(Genesis 3:15 & Matthew 1:21-23)
Come December each year the music of Christmas carols will be in the air in the public space. Carols such as “Silent Night, Away in A Manger and Mary’s Boy Child, O Holy Night,” would resonate and listeners sing along or play the words in their minds. They cannot but notice that the carols are all about a baby boy, a child and his mother. Some wonder and others ask “What is the relationship between a baby boy and its mother with Christmas?”
In church we specifically identify this child. He is Jesus the Christ and the mother is Mary. Ever wonder why we should commemorate his birthday and make a celebration of it even though his birth took place 21 centuries ago? What is the significance of the nativity or infancy of Jesus Christ and Mother Mary?
In Christian education for children Christmas is an important part of the curriculum. Children are told the story again and again. They sing the carols and know them by heart. They dramatise the story from different perspectives: “No Room in the Inn, While Shepherds Watched, Three Kings from the East,” are some of them. One of the “must-have” of the season is the Christmas Tableau depicting the stable and baby Jesus in the manger surrounded by animals. Why does the church with the help of the calendar and the business public want to high light the birthday of baby Jesus?
The business world makes money out of the season. The calendar states a fact of history that has temporal meaning. The church proclaims good news that has eternal significance. This story if understood well has personal benefit. If communicated widely it blesses communities. One carol says “Joy to the World the Lord has come!” There is a joyous message for the world. It suggests that Christmas is connected to God. That means baby Jesus is connected to God. Long time ago God came into the world as a baby! Was that a providential plan of God?
1. The Providence of God (Genesis 22:1-14)
“Jehovah Jireh,” means “God Provides.” It has often been understood that the providence of God means that God would take care of our material needs. While in actual fact it means more or deeper than that. It actually means that God would take care of our salvation. That God would ensure that we are safe and secure for now and eternity. This idea originated from an event in Abraham’s life.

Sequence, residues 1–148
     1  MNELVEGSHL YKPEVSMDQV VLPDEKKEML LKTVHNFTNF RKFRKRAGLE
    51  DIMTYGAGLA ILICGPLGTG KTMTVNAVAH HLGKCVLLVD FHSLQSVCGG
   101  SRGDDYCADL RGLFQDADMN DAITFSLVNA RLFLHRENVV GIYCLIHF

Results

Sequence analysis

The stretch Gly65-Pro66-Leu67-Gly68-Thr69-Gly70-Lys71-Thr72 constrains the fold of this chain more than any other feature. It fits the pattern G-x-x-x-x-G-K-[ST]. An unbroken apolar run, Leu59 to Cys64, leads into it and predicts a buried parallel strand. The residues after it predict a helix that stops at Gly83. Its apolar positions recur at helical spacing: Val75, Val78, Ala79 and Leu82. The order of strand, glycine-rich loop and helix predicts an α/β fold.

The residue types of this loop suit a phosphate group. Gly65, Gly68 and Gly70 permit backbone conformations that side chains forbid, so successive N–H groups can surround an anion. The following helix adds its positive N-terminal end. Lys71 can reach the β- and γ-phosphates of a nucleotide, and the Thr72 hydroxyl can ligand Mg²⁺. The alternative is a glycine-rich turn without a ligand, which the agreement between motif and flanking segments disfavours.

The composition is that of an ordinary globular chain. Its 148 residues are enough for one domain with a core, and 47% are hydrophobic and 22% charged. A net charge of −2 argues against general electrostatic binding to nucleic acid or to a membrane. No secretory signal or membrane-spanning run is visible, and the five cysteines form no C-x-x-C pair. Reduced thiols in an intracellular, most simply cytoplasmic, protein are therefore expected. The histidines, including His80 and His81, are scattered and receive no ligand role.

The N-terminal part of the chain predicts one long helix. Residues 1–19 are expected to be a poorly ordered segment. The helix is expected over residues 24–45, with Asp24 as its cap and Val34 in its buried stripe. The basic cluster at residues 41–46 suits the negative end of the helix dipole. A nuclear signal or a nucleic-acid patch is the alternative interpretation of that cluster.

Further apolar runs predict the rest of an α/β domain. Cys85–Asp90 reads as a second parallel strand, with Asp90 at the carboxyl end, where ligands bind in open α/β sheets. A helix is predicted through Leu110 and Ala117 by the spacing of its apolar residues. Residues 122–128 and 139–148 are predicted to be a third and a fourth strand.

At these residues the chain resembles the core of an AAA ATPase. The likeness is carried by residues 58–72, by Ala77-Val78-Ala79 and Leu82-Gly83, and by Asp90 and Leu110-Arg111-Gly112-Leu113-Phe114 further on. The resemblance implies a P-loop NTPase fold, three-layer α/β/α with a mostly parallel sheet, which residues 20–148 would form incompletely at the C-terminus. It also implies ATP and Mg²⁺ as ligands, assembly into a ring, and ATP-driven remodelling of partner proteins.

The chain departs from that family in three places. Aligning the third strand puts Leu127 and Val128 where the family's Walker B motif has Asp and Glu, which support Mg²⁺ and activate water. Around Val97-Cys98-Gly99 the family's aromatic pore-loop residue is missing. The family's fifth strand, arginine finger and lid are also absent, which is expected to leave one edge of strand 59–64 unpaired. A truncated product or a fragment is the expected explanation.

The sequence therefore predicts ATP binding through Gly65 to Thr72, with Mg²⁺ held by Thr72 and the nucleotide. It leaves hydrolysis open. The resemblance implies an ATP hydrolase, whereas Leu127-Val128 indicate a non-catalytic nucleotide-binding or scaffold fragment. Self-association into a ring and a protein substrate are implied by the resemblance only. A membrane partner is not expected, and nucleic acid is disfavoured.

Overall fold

God promised Abraham that he would give him a son. When Issac his promised son was still a child God asked Abraham to offer him up as a sacrifice. In obedience to God Abraham took his son Issac with him to the mountain to be sacrificed. Issac knew that they were going to make a sacrifice, not knowing that he was to be that sacrificial offering. Innocently he asked his father Abraham, “We are carrying wood but where is the lamb for sacrifice?” Abraham replied, “God himself will provide a lamb.”
On the mountain of sacrifice, Abraham laid Issac on a rock and readied himself to do his obedient duty. At that critical moment, the Lord called out to Abraham to refrain from sacrificing his son Issac. Looking away from Issac Abraham saw a ram caught in a thicket. That ram was offered as a sacrifice to God instead of Issac his promised son.
Issac would never forget that he was meant to die. He would understand the meaning of providence. He did not die because a ram died on his behalf. It was God who provided that ram long before they got up the mountain. On that journey up the mountain neither Abraham nor Issac did foresee the turn of events. God saw and planned it all from a distance, in time and space.
“Providence” is made up of two words: “Pro” and “video.” They mean “before” and “view.” Before we arrive at a place and at a time of need, God has on all accounts seen that situation. He made every provision for that future need. We see that in the life of Issac. He was destined to die. His death was averted. A ram took his place. It is also true for all the people of the world and that include us. This story has a spiritual dimension.
2. God’s Providence Includes Us (Genesis 3:15)
Yes, all the people of the world are destined to die. We cannot avoid meeting death but have to face it squarely. Death may come by way of illness, accident, wars, disasters, negligence or rage. Human mortality began in the Garden of Eden. Adam and Eve’s immortality came to an end because of their disobedience to God’s commandment. We inherited their characteristics and are therefore mortals – we die.
God missed Adam and Eve after they committed the sin of disobedience in the Garden of Eden. He searched and called for them. Adam and Eve avoided God by hiding. When he found them, God knew they had disobeyed his commandment. Adam blamed Eve and Eve blamed the serpent for deceiving her. Their act of disobedience had serious repercussions on their lives and the whole of creation.